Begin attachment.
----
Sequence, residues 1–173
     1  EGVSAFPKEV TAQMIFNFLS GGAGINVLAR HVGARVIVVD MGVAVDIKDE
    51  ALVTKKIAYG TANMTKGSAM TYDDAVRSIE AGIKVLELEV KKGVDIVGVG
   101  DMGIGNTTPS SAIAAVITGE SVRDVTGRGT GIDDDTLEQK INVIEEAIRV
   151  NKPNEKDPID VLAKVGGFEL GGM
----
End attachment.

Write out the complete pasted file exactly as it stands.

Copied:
Sequence, residues 1–173
     1  EGVSAFPKEV TAQMIFNFLS GGAGINVLAR HVGARVIVVD MGVAVDIKDE
    51  ALVTKKIAYG TANMTKGSAM TYDDAVRSIE AGIKVLELEV KKGVDIVGVG
   101  DMGIGNTTPS SAIAAVITGE SVRDVTGRGT GIDDDTLEQK INVIEEAIRV
   151  NKPNEKDPID VLAKVGGFEL GGM